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And leave not one alive, I live in hell.
[Lifting his hand. Rut. O, let me pray before I take my death :To thee I pray ; Sweet Clifford, pity me!
Clif. Such pity as my rapier's point affords.
Rut. But 'twas ere I was born.
Clif. No cause?
[CLIFFORD stabs him. Rut. Dii faciant, laudis summa sit ista tua! [Dies.
Clif. Plantagenet! I come, Plantagenet ! And this thy son's blood, cleaving to my blade, Shall rust upon my weapon, till thy blood, Congeald with this, do make me wipe off both. [Exit.
ORD stabs 23.
!! I coma na sit ista
Shall as thy son
SCENE IV.- The same.
Alarum. Enter YORK.
Or lambs pursu'd by hunger-starved wolves. :
[A short Alarum within.
Enter Queen MARGARET, CLIFFORD, NORTHUMBER
LAND, and Soldiers.
North. Yield to our mercy, proud Plantagenet.
Clif. Ay, to such mercy, as his ruthless arm, With downright payment, show'd unto my father.
Now Phaeton hath tumbled from his car,
York. My ashes, as the phænix, may bring forth
Clif. So cowards fight, when they can fly no further;
York. 0, Clifford, but bethink thee once again, And in thy thought o'er-run my former time: And, if thou canst for blushing, view this face; And bite thy tongue, that slanders him with cowardice, Whose frown hath made thee faint and fly ere this.
Clif. I will not bandy with thee word for word; But buckle with thee blows, twice two for one. [Draws.
Q. Mar. Hold, valiant Clifford! for a thousand causes, I would prolong awhile the traitor's life :Wrath makes him deaf: speak thou, Northumberland.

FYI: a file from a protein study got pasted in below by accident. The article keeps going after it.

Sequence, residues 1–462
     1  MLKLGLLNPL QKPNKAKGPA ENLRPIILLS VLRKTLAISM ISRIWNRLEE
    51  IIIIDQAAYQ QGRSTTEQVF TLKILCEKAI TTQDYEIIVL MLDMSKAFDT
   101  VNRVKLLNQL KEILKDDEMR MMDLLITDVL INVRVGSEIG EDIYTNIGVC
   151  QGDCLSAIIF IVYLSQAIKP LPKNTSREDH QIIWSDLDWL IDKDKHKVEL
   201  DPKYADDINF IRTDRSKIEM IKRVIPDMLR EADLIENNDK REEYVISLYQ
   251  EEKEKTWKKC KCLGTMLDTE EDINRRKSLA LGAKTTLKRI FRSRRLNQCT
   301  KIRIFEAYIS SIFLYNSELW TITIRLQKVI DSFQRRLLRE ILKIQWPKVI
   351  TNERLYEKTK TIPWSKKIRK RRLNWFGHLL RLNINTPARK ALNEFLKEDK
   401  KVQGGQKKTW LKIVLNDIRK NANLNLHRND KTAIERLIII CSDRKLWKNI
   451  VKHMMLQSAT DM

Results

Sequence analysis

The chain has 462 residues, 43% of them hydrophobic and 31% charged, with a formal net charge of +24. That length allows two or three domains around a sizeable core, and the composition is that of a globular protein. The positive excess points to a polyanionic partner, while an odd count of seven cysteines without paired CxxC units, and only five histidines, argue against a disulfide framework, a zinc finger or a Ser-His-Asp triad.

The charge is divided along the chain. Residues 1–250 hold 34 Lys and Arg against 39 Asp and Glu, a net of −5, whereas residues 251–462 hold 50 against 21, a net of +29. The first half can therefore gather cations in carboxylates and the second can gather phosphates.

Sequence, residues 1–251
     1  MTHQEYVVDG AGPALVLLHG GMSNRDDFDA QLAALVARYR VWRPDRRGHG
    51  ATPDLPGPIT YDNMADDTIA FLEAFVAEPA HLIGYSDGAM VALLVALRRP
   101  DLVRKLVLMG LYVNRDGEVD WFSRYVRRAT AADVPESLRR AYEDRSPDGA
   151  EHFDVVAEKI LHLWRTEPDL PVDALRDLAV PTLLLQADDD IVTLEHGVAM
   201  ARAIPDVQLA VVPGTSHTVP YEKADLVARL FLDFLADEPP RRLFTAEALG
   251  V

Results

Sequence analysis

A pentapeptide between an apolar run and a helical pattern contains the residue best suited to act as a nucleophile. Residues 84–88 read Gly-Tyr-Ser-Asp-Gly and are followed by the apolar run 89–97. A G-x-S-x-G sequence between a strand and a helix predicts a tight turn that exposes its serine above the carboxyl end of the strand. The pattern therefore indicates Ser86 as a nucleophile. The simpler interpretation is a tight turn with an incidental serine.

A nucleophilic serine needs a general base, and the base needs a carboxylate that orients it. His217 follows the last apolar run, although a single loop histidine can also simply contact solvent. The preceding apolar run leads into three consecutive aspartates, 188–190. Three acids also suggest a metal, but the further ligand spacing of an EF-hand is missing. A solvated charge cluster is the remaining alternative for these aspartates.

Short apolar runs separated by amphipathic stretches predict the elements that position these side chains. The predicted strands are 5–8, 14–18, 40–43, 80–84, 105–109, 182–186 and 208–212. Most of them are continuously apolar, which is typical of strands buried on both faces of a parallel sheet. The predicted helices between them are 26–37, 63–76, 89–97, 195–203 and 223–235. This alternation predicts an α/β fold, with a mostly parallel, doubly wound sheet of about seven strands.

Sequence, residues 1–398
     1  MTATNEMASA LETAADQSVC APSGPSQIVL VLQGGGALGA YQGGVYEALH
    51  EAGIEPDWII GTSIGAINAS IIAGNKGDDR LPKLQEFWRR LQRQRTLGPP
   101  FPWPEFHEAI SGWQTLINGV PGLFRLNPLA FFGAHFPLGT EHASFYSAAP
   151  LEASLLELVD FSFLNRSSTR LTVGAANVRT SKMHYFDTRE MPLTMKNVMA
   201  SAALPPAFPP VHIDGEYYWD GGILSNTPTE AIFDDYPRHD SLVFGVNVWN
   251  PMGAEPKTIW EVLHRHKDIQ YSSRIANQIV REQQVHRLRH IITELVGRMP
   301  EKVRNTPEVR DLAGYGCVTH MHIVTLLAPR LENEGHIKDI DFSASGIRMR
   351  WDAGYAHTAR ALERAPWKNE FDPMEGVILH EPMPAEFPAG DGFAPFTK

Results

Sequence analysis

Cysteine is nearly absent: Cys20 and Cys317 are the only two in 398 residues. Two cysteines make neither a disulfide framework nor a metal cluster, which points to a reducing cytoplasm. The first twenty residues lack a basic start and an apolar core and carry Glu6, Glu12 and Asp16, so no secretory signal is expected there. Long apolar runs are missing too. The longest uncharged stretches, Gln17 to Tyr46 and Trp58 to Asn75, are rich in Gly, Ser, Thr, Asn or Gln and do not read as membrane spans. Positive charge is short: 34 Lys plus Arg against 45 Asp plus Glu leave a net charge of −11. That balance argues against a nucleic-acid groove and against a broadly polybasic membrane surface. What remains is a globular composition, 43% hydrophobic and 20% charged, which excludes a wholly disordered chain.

North. Hold, Clifford; do not honour him so much, To prick thy finger, though to wound his heart : What valour were it, when a cur doth grin, For one to thrust his hand between his teeth, When he might spurn him with his foot away? It is war's prize, to take all vantages; And ten to one is no impeach of valour.
[They lay hands on YORK, who struggles. Clif. Ay, ay, so strives the woodcock with the gin. North. So doth the coney struggle in the net.
(York is taken prisoner.
And teams prizeht spurn
ad the lo back yolescenti
York. So triumph thieves upon their conquer'd booty; So true men yield, with robbers so o'er-match’d. North. What would your grace have done unto him
now? Q. Mar. Brave warriors, Clifford, and Northumber
land, Come make him stand upon this molehill here; That raught at mountains with outstretched arms, Yet parted but the shadow with his hand.What! was it you, that would be England's king ? Was't you, that revelld in our parliament, And made a preachment of your high descent? Where are your mess of sons to back you now? The wanton Edward, and the lusty George? And where's that valiant crook-back prodigy, Dicky your boy, that, with his grumbling voice, Was wont to cheer his dad in mutinies? Or, with the rest, where is your darling Rutland ? Look, York; I stain'd this napkin with the blood, That valiant Clifford, with his rapier's point, Made issue from the bosom of the boy: And, if thine eyes can water for his death, I give thee this to dry thy cheeks withal. Alas, poor York! but that I hate thee deadly, I should lament thy miserable state. I pr’ythee, grieve, to make me merry, York; Stamp, rave, and fret, that I may sing and dance. What, hath thy fiery heart so parch'd thine entrails, That not a tear can fall for Rutland's death? Why art thou patient, man? thou should'st be mad; And I, to make thee mad, do mock thee thus.
Thou would'st be fee'd, I see, to make me sport;
[Putting a paper Crown on his Head.
Clif. That is my office, for my father's sake.